A new law is in the works that will require the purchase of medallions by livery cab drivers. The city government is in the process of finalizing the Five Borough Taxi Plan, a new legislation that has the potential to greatly cripple the taxi and limousine industry.
Dozens of drivers and City Council members gathered outside City Hall this past Monday to express their displeasure with the law. "Livery taxis provide jobs to more than 38,000 drivers, and support nearly 100,000 people who are connected to them," explained City Council Member Ydanis Rodriguez, one of the leaders of the effort. "The plan would threaten to take the food out of the mouths of these 100,000 people, and, as the representative of an area where many drivers live, I can't let that happen."
Roughly 400 livery bases were closed during the rally with the hope of showing the city government and the Taxi and Limousine Commission (TLC) that the drivers are not willing to support this new law. As a former cabbie, Rodriguez can understand the pressures this legislation will put on drivers. He is relentlessly working toward creating a more suitable plan.
"I've put into motion a number of bills which would protect the livery drivers and show them the respect they deserve for serving our communities for so many years," said Rodriguez. "This legislation would work to provide real solutions to the problem of having serious demand for street hails but current laws that work against the interests of everyday people. We know the conversations have been happening, and we know that our livery drivers won't be left out."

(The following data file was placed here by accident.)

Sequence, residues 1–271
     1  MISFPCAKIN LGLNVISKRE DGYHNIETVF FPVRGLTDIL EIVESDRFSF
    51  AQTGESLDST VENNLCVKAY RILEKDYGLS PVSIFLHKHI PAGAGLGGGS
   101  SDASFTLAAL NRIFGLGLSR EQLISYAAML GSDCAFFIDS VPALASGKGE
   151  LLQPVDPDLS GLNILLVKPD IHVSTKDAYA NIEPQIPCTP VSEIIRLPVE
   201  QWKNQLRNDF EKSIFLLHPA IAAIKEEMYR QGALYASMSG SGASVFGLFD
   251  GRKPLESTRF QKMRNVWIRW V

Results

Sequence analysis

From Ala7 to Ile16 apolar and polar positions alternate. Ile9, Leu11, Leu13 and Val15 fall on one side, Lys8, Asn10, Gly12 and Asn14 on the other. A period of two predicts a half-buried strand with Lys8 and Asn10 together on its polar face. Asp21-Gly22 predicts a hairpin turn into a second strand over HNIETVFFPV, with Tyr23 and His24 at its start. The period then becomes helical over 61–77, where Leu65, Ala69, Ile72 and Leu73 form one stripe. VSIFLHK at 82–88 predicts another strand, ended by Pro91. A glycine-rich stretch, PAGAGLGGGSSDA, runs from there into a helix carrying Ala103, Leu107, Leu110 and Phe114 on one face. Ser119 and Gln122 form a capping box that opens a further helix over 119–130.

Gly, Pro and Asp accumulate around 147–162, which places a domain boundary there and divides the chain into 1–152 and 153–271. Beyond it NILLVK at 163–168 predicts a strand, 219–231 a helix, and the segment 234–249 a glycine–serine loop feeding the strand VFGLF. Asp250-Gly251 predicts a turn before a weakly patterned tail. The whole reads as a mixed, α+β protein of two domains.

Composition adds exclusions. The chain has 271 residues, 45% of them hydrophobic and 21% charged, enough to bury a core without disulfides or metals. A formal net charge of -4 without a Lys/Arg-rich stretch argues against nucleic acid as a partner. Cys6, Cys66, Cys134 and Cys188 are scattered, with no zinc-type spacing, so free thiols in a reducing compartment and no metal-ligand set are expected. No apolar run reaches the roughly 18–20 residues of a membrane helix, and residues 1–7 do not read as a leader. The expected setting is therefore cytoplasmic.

The current plan aims to correct issues that cab riders have been complaining about for years by broadening the reach of yellow cabs throughout the five boroughs, enforcing uniformity in yellow cab appearance and a rooftop taxi light, mandating fair fares and guaranteeing riders will be taken anywhere within the five boroughs. The means to achieve these goals is by introducing an additional 1,500 yellow cab medallions into Manhattan-an unrealistic requirement for working-class livery drivers who typically make $700 in a 70-hour workweek. Usually sold at auction, a yellow cab medallion can cost a buyer anywhere from $600,000 to $1,000,000.
"We need real solutions to New York's transportation challenges. This must include protecting the livelihoods of hard-working livery drivers," said State Sen. Adriano Espaillat. "I am eager to work with Council Member Ydanis Rodriguez, Bronx Borough President Ruben Diaz and all my colleagues on this critical issue."
The past two weeks have seen the mobilization of over 1,000 livery drivers who successfully pushed back one of the components of the plan that they feared would instantaneously eliminate thousands of livery cab jobs. Rodriguez's next move is to negotiate with officials in Albany to stress the drawbacks of the law. He will also introduce his alternative plan, which would set the medallion price from $1,000 to $20,000.
"People of any color-Black, Latino, Haitian-should be able to purchase a medallion," concluded Rodriguez. "We need to advance all these people, and this will just hurt them."
Bill de Blasio, New York City public advocate, told the AmNews, "The Five Borough Yellow Taxi and Livery Service Plan is a winner for all of New York City's residents. By auctioning new medallions that permit taxis to pick up street hails outside of Manhattan, we will improve transportation in the outer boroughs while adding over $1 billion in revenue and thousands of good jobs for New York City. I also believe that the city's efforts to ensure financing for livery owners seeking outer borough permits are a key piece of making this plan work. I am proud to support this proposal."